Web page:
Because the 6-1 player expends so much energy chasing balls and whipping topspin-laden zingers, lack of freshness might be Nadal's one Achilles' heel. The second-round exit in Rome could be a blessing in disguise because it allowed him extra time to rest and recover from the blistered foot.

But even a weary Nadal is apt to grind opponents into submission, especially the longer the match goes. He has never lost a five-set match on clay and has never been pushed beyond four sets at Roland Garros.

"If someone is going to beat Nadal in Paris over five sets," Borg says, "he's going to have to play the best match of his life."

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post #55 of 305 (permalink) Old 05-23-2008, 10:58 AM
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Re: Attempt to attain BORGian status on clay- The RG Thread

Originally Posted by MariaV View Post
@ Tangy!

Uhmmm, I feel pression but I'll make my prediction for the prestigious MIT after the draw tomorrow.

Tough draw.
Nole, Nalbandian, Almagro all in Nadal's half.
Time to make your pick. What's you gonna say?

*waits patiently for it*


[6] Nalbandian vs Berlocq
Chardy vs Q
Garcia-Lopez vs Roitman
Q vs [30] Tursunov
[19] Almagro vs Pashanski
Q vs O Rochus
Hrbaty vs Acasuo
Eysseric vs [10] Murray

[15] Youzhny vs Becker
Q vs Q
Isner vs Chela
Ventura vs [22] Verdasco
[26] Nieminen vs Kiefer
Vassallo Arguello vs Lopez
Guccione vs Q
Q vs [2] Nadal
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post #56 of 305 (permalink) Old 05-23-2008, 12:19 PM
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Re: Attempt to attain BORGian status on clay- The RG Thread

Am I witty? I prefer Djoko to be in Fed's half of the draw at Wimby rather than RG

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post #57 of 305 (permalink) Old 05-23-2008, 01:12 PM
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Re: Attempt to attain BORGian status on clay- The RG Thread

Metis, put me down for Winner.

No way I'm picking SF and anything below that would be a major upset. So I'm left with the only option - Winner.
I'm not concerned with the draw, let's see how the things unfold and how far will Nole go. When/If he reaches the SF then I'll start worrying. First rounds don't look tough to me but I'm curious to see who is the Q that Rafa will play. Hopefully not another Troicki this time. As for Roger's half, Davydenko might prove to be a bigger threat than we think. The guy had pushed even Rafa to 3 tiresome sets before so should he face Federer in the SF and this time no any Estoril s*its things might become interesting.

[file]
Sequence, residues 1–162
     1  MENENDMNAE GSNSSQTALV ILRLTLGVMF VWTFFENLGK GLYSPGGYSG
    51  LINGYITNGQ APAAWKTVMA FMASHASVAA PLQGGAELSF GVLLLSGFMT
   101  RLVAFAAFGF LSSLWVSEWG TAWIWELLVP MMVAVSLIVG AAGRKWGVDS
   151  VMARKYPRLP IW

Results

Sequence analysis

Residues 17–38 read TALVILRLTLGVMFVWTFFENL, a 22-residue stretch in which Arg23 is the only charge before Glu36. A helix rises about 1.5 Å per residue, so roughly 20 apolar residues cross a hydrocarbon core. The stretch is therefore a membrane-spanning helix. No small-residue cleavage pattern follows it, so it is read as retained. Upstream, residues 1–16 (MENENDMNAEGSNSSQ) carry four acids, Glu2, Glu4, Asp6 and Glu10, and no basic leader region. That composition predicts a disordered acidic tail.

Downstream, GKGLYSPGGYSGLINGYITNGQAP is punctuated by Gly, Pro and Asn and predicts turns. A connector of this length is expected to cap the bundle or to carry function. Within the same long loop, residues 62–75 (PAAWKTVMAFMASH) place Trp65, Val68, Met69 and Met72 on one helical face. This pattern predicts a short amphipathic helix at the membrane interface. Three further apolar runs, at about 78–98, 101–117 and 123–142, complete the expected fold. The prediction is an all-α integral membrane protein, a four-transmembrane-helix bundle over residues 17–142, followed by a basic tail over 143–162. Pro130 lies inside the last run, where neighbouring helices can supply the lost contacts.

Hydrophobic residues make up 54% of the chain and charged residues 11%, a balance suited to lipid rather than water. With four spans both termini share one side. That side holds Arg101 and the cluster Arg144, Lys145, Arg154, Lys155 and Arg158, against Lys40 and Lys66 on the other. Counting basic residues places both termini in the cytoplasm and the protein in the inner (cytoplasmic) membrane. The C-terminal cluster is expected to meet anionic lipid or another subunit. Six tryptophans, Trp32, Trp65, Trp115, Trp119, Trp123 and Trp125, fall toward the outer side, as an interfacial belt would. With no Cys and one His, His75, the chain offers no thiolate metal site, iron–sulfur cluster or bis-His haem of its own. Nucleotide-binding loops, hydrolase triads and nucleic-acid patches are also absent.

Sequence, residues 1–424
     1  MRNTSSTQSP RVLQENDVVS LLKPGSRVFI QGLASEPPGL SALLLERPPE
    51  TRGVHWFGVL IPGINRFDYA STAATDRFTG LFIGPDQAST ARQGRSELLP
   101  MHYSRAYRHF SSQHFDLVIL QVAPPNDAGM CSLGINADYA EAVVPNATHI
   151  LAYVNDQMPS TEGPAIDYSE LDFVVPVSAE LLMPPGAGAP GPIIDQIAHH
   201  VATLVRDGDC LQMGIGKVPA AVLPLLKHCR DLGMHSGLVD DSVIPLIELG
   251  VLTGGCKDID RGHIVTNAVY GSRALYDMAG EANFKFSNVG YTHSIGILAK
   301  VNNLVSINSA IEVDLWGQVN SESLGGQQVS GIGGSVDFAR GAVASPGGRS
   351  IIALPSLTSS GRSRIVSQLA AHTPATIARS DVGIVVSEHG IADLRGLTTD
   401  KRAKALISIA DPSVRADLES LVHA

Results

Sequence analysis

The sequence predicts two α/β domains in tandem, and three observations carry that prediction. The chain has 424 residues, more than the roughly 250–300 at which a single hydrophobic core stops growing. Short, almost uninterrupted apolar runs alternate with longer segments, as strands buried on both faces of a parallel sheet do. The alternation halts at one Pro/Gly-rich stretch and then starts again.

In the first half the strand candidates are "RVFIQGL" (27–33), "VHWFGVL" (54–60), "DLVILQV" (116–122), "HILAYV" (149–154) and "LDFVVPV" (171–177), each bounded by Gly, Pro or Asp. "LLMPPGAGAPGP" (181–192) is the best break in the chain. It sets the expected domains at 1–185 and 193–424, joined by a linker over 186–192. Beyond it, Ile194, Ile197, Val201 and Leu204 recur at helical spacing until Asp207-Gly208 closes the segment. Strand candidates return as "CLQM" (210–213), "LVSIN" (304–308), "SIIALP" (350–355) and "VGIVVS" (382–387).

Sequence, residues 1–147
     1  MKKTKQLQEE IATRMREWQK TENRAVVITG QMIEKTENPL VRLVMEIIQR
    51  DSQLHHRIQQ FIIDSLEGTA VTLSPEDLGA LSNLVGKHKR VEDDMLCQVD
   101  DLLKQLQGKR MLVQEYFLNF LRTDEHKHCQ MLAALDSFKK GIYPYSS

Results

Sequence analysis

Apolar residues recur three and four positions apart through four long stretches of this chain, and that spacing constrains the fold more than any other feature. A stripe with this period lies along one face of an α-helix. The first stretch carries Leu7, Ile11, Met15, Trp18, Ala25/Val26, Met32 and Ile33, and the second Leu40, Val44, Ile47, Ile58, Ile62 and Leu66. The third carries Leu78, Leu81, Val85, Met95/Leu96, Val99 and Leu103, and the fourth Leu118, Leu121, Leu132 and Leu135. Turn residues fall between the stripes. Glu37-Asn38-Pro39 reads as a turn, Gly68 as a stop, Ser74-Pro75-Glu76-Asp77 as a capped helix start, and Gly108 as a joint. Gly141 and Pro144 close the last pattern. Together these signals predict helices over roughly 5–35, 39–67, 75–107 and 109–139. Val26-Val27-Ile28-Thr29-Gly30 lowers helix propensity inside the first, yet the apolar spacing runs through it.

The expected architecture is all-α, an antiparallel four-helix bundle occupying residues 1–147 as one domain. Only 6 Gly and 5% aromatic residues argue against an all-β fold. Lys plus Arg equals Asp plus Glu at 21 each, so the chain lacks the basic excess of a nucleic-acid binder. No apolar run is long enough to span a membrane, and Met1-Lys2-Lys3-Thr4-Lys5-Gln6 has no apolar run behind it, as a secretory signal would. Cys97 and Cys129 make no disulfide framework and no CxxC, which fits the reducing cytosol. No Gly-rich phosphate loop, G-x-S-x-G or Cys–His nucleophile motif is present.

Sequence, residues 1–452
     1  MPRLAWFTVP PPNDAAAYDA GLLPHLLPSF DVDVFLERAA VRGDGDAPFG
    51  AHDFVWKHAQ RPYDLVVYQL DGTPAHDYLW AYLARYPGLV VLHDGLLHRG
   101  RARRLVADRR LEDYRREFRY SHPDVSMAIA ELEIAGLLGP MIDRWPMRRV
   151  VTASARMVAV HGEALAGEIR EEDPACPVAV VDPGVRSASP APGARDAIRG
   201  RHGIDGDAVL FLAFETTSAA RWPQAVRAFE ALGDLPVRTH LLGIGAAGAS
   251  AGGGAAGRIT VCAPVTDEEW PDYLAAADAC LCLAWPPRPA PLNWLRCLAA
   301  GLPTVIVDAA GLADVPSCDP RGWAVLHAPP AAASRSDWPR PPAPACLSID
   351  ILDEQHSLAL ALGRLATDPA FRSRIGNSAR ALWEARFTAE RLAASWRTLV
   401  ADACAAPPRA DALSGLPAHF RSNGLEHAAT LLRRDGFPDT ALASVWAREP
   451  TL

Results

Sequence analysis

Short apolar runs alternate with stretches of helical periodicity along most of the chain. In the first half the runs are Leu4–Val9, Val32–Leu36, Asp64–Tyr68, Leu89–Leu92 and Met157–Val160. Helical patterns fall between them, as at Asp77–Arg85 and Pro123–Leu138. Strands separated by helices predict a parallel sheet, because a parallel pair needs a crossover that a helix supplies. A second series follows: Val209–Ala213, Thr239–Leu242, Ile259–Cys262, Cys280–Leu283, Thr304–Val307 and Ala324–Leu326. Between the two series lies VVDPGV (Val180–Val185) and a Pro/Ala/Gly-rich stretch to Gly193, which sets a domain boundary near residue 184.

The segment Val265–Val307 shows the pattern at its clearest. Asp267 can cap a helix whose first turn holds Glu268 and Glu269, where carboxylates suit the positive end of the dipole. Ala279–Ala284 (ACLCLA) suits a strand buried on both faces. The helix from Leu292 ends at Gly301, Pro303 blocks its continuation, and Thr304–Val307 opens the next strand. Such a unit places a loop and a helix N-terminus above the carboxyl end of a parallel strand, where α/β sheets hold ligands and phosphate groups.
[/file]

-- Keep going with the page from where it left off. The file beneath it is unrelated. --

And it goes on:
I'm more worried about the strain in Rafa's right thigh. Any news about that? Is this strain gone or still bothering Rafa?

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post #58 of 305 (permalink) Old 05-23-2008, 02:41 PM
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Re: Attempt to attain BORGian status on clay- The RG Thread

He faces a few challenges with this draw, for sure. Still I don't see any unsurmountable obstacles blocking his path. Nalbandian is a bit of wild card since he's totally dominated Rafa in their pass meetings; of course this is clay so that H2H isn't the best indicator, although it's still looks to be a challenge.
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post #59 of 305 (permalink) Old 05-23-2008, 02:52 PM Thread Starter
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Re: Attempt to attain BORGian status on clay- The RG Thread

Metis put me down for a final in MIT

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post #60 of 305 (permalink) Old 05-23-2008, 03:11 PM
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Re: RG: Attempt to attain BORGian status on clay- The first obstacle- "Difficult Draw

Now that the draw is out () it's time for everyone to make/change their predictions...

How far will Rafa go in Roland Garros? (200 points at stake)

1st –
2nd -
3rd -
4th -
QF - Metis, acionescu
SF - yana
F - tennizen
W- Blaze-2004, elessar, Foxy, Getta, GuiroNl, hra87, Luvyoyoma1954, MariaV, M.C., NaDALiTa, nashty, rafa_maniac, raven_gypsy, scarecrows, spriwi, tennischeto, TMJordan, Xoman

Last edited by Metis; 05-23-2008 at 06:46 PM.